Entries for tag "productions", ordered from most recent. Entry count: 121.
# Vulkan Memory Allocator 2.0.0
At Game Developers Conference (GDC) last week I released final version 2.0.0 of Vulkan Memory Allocator library. It is now well documented and thanks to contributions from open source community it compiles and works on Windows, Linux, Android, and MacOS. Together with it I released VMA Dump Vis - a Python script that visualizes Vulkan memory on a picture. From now on I will continue incremental development on "development" branch and occasionally merge to "master". Feel free to contact me if you have any feedback, suggestions or if you find a bug.
# Vulkan Memory Allocator 2.0.0-alpha.3
I just published new version of Vulkan Memory Allocator 2.0.0-alpha.3. I'm quite happy with the quality of this code. Documentation is also updated, so if nothing else, please just go see User guide. I still marked it as "alpha" because I would like to ask for feedback and I may still change everything.
I would like to discuss proposed terminology. Naming things in code is a hard problem in general, and especially as English is not my native language, so please fill free to contact me and propose more elegant names to what I called: allocator, allocation, pool, block, stats, free range, used/unused bytes, own memory, persistently mapped memory, pointer to mapped data, lost allocation (becoming lost, making other lost), defragmentation, and used internally: suballocation, block vector.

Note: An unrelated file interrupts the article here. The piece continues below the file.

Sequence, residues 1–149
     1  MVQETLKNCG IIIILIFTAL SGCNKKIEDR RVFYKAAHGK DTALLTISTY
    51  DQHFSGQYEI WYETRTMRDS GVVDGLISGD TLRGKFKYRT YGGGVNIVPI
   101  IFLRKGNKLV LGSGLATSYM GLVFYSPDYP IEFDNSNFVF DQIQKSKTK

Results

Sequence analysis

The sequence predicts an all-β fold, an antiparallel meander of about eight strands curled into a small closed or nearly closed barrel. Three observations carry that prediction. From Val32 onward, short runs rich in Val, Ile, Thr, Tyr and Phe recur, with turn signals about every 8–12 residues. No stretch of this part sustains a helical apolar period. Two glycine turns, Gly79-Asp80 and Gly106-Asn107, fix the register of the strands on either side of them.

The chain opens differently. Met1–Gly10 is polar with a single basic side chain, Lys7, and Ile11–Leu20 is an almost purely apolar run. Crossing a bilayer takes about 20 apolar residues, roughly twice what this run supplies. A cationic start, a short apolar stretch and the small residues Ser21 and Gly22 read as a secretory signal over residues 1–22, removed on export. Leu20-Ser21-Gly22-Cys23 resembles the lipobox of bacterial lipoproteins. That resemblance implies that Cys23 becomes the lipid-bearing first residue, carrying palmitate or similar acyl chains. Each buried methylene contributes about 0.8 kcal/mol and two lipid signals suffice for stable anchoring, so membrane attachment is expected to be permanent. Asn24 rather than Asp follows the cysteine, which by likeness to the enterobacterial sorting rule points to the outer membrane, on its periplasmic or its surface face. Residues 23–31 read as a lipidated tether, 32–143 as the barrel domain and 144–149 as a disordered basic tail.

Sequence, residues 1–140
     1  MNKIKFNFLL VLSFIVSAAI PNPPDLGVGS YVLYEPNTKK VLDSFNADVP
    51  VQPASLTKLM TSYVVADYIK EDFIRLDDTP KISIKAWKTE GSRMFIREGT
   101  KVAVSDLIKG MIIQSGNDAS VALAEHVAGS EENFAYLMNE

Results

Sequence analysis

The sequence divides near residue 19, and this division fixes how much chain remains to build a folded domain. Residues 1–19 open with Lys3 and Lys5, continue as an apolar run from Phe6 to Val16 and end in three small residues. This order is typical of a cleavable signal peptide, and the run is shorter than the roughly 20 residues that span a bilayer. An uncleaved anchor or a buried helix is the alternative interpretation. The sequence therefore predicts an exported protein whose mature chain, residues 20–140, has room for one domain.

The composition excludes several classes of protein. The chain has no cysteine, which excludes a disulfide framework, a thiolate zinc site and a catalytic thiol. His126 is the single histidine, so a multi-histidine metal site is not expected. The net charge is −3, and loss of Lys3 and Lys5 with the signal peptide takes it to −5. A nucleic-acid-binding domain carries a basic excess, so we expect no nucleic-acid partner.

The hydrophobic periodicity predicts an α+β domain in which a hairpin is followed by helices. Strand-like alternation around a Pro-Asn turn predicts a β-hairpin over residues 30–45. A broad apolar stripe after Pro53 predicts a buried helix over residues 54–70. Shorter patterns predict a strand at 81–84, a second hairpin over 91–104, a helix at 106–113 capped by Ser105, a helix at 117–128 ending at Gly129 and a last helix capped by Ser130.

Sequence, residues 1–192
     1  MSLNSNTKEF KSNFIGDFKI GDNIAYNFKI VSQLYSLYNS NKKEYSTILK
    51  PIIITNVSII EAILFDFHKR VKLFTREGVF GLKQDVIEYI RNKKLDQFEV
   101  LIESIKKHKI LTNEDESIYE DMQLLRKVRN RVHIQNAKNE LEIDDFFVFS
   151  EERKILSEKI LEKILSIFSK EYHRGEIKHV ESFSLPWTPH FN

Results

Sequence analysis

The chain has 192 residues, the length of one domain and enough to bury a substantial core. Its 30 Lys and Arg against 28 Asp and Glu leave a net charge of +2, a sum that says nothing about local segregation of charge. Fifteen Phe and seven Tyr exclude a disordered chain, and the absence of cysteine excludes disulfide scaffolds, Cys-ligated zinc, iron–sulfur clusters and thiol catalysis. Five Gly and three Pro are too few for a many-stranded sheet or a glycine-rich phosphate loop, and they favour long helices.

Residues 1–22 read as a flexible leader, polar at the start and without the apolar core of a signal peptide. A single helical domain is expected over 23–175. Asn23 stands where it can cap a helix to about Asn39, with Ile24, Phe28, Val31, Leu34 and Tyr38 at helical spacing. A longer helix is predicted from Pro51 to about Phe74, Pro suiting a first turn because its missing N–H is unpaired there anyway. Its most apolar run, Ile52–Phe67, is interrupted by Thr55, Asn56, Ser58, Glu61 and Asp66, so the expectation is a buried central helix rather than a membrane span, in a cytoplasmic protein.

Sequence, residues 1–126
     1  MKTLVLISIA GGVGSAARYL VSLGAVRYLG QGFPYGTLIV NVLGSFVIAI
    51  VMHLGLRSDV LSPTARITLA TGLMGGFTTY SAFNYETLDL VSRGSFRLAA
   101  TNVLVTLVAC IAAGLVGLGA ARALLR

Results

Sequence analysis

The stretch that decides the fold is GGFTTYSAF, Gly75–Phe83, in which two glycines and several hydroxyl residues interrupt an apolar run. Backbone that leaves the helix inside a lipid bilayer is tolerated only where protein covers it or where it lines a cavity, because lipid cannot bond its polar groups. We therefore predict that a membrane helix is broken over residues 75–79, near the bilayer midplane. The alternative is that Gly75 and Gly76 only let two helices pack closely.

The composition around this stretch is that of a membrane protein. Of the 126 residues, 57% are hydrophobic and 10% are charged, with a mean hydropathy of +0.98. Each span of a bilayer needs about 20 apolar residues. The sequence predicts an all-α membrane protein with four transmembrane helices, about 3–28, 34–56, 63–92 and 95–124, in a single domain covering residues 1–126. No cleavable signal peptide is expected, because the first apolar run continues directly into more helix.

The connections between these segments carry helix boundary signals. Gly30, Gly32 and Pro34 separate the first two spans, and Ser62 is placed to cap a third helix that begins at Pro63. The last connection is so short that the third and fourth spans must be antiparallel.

# Thoughts after Slavic Game Jam 2017
Slavic Game Jam 2017 ended today. I have not only given a talk as a representative of the sponsor company, but I was also allowed to participate in the jam itself, so I teamed up with my old friends, some new friends that I met there and we made a game :) The theme this year was "Unknown". Our idea was to create a game about a drone flying and exploring a cave. You can see it here: This Drone of Mine.
There were 2 developers in our team, 3 graphical artists and one sound/music artist. We decided to use Unreal Engine 4, despite we had no previous experience in making games with this engine whatsoever, so we needed to learn everything during the jam. We didn't do any C++ - we implemented all game logic visually using Blueprints. We also set up Perforce for collaboration, so some of us needed to learn that as well (I am fortunate to already know this tool pretty well).
We didn't win or even make it to the second round, but it's OK for me - I'm quite happy with the final result. We more or less managed to implement our original idea, as well as show almost all the graphics, sound effects, music and voice-overs, so the artists' work is not wasted. It was lots of fun and we learned a lot during the process.
You can browse all games created during the jam here: Slavic Game Jam 2017 - itch.io.
# Artykuł: Praca zdalna - 10 faktów i mitów
(Polish) Dziś Święto Pracy. Z tej okazji publikuję artykuł, który ostatnio napisałem, tym razem w języku polskim. Opisałem w nim, na podstawie mojego doświadczenia, zalety i wady pracy zdalnej. Rozmawiając ze znajomymi słyszę nieraz różne opinie na temat pracy z domu, spośród których nie wszystkie są prawdziwe. To zachęciło mnie do napisania tego artykułu:
(English) This time I publish an article I've written in Polish. Its title can be translated as "Remote Work - 10 Facts and Myths".